Alibaba’s Freshippo supermarkets (formerly known as Hema) are utilizing mobile experience, personalized remarketing, digital pickup service, same-location fulfillment center, and much more.
See it for yourself:
Alibaba’s grocery store is all about freshness, quick service, and digitally available information. They have recently added even more features to give customers a wider range of services. These features included takeaway breakfast stations, a tech-driven farmers’ market, and a full-fledged shopping mall.
Omnichannel vs. multichannel supply chains
What’s the difference between omnichannel vs. multichannel supply chains? On the surface, it seems that both are aiming to serve customers from multiple sources, most commonly from online or in-store locations.
First of all, let’s establish the definition of a multichannel supply chain. It’s a type of supply chain that handles back-end product movement in separate silos; for example, one for mobile, web, in-store, or catalog purchases.
This is a multichannel approach. Several opportunities to purchase, but all purchases are handled differently. It is still used by many multichannel retailers.
Sure, a retailer using the multichannel approach has probably adapted to the bare minimum of today’s B2C digital necessities. They are aware of the importance of having an online store, being mobile-friendly, maybe they even know about e-commerce SEO.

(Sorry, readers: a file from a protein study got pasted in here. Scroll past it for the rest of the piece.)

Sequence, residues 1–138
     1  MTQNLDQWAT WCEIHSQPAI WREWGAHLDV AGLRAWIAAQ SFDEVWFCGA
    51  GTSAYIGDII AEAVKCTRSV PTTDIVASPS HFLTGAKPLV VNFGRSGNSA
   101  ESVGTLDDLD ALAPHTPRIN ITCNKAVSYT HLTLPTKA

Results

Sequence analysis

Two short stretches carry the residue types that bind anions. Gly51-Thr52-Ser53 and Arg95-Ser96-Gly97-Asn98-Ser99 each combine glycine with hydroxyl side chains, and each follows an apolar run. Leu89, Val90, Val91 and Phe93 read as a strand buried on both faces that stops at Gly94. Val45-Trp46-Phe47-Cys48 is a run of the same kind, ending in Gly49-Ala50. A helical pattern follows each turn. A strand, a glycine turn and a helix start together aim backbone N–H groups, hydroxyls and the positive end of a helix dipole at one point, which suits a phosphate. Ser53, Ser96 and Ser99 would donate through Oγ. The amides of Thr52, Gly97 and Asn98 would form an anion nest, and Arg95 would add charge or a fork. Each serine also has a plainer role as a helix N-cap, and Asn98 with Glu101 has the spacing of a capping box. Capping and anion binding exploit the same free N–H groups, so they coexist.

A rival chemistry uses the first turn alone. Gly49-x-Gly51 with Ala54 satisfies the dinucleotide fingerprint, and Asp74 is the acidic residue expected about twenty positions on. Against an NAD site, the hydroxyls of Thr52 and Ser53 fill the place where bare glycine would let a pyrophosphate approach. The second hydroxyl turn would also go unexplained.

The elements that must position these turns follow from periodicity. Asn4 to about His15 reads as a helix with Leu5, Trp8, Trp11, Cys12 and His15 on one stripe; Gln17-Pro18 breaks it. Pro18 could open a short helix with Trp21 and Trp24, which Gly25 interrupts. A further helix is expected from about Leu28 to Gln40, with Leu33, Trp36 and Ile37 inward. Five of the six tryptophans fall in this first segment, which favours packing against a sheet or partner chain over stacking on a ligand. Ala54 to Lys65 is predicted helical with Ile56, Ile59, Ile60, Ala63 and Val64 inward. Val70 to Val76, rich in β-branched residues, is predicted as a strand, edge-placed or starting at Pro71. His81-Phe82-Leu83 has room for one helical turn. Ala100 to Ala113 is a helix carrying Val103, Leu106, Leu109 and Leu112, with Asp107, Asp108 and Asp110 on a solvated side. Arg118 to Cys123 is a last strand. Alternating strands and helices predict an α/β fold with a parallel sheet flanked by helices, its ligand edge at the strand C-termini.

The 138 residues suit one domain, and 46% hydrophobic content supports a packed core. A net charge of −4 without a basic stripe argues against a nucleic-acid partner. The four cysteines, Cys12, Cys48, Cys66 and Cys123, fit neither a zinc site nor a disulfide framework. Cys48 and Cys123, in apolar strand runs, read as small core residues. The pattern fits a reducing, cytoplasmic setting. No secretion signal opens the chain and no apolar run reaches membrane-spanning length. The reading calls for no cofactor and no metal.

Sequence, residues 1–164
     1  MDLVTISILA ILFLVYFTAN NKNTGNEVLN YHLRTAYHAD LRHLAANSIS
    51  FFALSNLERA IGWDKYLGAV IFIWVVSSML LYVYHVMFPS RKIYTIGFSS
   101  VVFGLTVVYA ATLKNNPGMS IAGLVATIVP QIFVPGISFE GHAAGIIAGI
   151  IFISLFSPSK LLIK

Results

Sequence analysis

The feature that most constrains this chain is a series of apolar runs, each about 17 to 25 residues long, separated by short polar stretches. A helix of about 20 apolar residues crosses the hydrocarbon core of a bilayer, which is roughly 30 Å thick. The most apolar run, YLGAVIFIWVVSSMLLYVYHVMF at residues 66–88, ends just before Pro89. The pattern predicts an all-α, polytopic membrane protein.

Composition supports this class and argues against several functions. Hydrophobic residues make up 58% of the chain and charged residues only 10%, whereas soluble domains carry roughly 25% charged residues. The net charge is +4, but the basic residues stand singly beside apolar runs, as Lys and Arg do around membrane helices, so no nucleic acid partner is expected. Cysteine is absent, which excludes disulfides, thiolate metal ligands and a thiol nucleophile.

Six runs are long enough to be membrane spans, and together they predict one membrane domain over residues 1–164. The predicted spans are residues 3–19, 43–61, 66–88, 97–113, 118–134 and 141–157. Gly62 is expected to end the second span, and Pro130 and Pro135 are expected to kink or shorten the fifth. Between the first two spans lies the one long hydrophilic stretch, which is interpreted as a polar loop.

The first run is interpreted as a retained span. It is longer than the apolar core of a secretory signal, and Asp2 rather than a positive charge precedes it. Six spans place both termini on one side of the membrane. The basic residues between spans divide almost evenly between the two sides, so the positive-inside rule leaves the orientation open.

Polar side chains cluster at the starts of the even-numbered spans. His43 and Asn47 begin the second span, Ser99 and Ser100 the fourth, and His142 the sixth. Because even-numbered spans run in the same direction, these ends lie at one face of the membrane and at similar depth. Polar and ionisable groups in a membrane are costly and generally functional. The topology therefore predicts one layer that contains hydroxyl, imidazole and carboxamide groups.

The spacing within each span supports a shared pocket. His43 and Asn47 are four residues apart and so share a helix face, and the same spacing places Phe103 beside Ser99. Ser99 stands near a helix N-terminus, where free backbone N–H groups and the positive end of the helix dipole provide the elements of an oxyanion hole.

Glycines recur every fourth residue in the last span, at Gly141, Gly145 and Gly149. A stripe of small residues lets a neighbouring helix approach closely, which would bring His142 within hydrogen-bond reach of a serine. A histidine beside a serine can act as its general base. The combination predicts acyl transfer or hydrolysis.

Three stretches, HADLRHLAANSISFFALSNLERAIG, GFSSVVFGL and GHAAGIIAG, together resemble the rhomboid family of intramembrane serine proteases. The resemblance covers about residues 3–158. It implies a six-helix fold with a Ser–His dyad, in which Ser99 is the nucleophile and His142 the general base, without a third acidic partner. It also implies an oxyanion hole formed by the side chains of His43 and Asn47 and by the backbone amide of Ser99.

These assets are fairly easy to implement. Switching to an omnichannel approach, however, requires an enormous effort and coordination.
Big brands (and many small brands) that stand out nowadays are the ones that took the leap to a more centralized supply chain management. It takes some serious project planning, a few painful updates to set-in-the-ways suppliers, and not the least, a pretty penny to execute.
Front-end and customer service
Purchase from multiple sources or channels
Purchase items at the same price no matter the channel
Option to pick-up item in-store
Return items to any source
Back-end and marketing
Employees can order stock for a customer
Ability to track data across channels
Complex IT infrastructure needed
Centralized inventory management
Pros of an omnichannel supply chain
Being a customer-first company pays off faster than you think. Companies with a well-defined omnichannel strategy achieve a 91% higher YoY increase in customer retention rate on average compared to organizations without omnichannel programs. They also average a 3% increase in customer lifetime value.
Other advantages are:
All inventory processes are centralized, making it easier to have a clear view of stock movement and related needs
Risk management strategies are more streamlined
Fulfillment options are more flexible which boosts customer happiness
Cons of an omnichannel supply chain
Most of the disadvantages of switching to an omnichannel supply chain come from the challenges during the initial stages of the upgrade. In the long-term, these sacrifices will pay off.
High upfront financial undertaking for an IT-infrastructure upgrade
Significant investment of time during setup
Learning curve for all touchpoints involved
Full buy-in required from the top down
Must revamp marketing communications to fit the new model
Pros of a multichannel supply chain
Most vendors and other logistical players are already familiar with this method
No expenditure needed for special IT-setup
Meets the bare minimum of today’s retail and e-retail expectations
Cons of a multichannel supply chain
Customers are increasingly dissatisfied with this method
Lack of omnichannel-enabled offerings can be the deciding factor between two competitors
The “left hand is not talking to the right hand” phenomenon. Lack of clarity and communication between supply chain silos
Having multiple separate silos means higher running costs and time investment to keep all of them functioning properly
Is it worth going with the multichannel option?